Sex-specific changes in platelet aggregation and secretion with sexual maturity in pigs

Muthuvel Jayachandran, Hiroya Okano, Ritu Chatrath, Whyte G. Owen, Joseph P. McConnell, Virginia M. Miller

Research output: Contribution to journalArticle

33 Scopus citations

Abstract

Cardiovascular disease may begin early in adolescence. Platelets release factors contributing to vascular disease. Experiments were designed to test the hypothesis that hormonal transitions associated with sexual maturity differentially affect platelet aggregation and secretion in males and females. Platelets were collected from juvenile (2-3 mo) and sexually mature (adult; 5-6 mo) male and female pigs (n = 8/group). Maturation was evidenced by increased weight of reproductive tissue and changes in circulating levels of gonadal hormones. Aggregation to ADP (10 μM) and collagen (6 μg/ml) and ATP secretion to 50 nM thrombin were determined by turbidimetric analysis and bioluminescence, respectively. Total platelet counts, platelet turnover, and mean platelet volume did not change with maturity. Platelet aggregation and ATP secretion decreased in females but increased in males with maturity, whereas total ATP content remained unchanged in platelets from females but increased in platelets from males. Platelet fibrinogen receptor, P-selectin expression, and receptors for sex steroids did not change with sexual maturation. Plasma C-reactive protein and brain-type natriuretic peptide also did not change. Results indicate that changes in platelet aggregation and secretion change with sexual maturity differently in females and males. These observations provide evidence on which clinical studies could be designed to examine platelet characteristics in human children and young adults.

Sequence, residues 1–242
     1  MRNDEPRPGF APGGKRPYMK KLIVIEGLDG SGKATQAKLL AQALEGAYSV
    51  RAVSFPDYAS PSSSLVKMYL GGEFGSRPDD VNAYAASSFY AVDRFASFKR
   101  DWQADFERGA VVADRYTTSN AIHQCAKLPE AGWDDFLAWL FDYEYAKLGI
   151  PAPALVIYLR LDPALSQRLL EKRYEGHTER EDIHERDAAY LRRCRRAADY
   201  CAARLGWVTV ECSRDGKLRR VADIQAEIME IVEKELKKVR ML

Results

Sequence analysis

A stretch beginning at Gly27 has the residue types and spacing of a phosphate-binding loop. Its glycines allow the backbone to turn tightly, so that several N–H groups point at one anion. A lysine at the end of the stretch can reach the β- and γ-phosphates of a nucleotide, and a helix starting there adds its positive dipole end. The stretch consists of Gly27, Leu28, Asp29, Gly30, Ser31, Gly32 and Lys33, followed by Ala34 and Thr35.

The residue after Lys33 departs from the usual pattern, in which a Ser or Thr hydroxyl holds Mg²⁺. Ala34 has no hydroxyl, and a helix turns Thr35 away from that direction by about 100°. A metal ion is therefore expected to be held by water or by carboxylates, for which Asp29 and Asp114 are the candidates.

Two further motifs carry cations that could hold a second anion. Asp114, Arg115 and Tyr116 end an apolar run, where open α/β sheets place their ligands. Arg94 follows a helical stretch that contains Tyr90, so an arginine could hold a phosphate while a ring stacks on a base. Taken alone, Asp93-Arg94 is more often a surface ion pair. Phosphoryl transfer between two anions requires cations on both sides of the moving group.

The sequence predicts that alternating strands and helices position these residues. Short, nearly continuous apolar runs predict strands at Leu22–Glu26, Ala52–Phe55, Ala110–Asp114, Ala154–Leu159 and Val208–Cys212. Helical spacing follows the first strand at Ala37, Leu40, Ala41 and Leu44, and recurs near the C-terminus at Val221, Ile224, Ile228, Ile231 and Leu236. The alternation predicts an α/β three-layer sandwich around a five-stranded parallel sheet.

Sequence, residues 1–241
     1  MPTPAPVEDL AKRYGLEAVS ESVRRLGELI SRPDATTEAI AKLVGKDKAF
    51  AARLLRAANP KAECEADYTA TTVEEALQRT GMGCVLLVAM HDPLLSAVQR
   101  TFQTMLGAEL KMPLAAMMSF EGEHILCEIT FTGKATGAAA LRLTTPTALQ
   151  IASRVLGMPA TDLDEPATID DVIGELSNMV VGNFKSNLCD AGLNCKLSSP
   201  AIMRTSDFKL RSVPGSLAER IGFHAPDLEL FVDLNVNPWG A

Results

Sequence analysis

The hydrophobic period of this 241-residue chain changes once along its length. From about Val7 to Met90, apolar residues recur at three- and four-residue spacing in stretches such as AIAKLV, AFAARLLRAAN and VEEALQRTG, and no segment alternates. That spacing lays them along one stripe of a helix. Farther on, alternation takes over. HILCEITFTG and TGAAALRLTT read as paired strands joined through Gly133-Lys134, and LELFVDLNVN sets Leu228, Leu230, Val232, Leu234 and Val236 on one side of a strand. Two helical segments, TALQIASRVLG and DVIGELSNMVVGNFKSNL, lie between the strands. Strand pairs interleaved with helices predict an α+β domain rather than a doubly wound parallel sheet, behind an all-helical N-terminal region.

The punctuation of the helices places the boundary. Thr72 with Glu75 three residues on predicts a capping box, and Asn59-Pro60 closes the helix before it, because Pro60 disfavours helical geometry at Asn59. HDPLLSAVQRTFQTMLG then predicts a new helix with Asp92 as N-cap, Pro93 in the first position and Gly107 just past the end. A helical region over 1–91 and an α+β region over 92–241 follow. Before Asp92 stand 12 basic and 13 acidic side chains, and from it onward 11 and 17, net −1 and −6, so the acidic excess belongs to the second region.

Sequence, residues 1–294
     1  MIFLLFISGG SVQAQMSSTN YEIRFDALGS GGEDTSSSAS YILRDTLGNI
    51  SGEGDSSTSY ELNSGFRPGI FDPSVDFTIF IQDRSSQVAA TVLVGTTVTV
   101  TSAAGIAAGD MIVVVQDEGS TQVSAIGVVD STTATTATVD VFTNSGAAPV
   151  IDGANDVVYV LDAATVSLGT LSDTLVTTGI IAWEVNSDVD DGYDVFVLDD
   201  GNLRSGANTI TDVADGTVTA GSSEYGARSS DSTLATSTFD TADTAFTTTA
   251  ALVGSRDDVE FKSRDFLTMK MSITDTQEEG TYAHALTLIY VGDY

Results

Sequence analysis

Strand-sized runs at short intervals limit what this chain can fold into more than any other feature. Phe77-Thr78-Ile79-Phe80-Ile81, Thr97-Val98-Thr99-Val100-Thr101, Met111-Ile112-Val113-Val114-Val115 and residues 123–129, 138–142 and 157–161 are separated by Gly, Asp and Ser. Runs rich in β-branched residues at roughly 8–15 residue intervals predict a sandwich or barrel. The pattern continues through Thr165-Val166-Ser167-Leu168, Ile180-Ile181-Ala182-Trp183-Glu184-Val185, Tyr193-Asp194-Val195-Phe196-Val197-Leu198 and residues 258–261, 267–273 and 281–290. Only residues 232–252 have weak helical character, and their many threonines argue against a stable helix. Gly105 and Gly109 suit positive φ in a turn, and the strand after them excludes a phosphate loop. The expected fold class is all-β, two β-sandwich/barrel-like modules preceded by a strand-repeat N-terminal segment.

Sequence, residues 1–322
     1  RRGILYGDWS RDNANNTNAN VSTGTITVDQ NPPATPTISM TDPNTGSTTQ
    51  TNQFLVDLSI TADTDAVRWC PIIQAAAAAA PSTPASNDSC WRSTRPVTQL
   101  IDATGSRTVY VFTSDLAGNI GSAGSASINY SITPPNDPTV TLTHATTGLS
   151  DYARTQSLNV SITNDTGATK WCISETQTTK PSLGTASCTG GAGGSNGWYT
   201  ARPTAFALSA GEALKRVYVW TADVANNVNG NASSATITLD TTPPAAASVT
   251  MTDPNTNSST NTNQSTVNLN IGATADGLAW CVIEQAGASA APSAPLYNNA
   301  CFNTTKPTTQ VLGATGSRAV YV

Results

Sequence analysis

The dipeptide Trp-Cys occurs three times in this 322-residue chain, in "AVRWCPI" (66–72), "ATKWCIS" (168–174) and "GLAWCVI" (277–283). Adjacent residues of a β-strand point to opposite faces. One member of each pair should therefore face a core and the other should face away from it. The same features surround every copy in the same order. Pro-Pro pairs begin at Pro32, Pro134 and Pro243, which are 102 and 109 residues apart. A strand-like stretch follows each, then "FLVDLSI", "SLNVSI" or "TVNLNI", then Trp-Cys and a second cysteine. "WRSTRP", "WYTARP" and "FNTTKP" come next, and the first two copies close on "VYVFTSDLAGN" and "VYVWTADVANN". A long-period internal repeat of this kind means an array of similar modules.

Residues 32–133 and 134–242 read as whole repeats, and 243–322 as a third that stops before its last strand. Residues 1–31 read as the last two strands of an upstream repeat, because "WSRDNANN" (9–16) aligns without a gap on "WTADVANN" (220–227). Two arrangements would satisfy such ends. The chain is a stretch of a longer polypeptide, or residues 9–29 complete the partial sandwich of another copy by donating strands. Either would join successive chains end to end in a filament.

Original languageEnglish (US)
Pages (from-to)1445-1452
Number of pages8
JournalJournal of applied physiology
Volume97
Issue number4
DOIs
StatePublished - Oct 1 2004

Keywords

  • Estrogen
  • Platelet activation
  • Sex steroid receptors
  • Testosterone

ASJC Scopus subject areas

  • Physiology
  • Physiology (medical)

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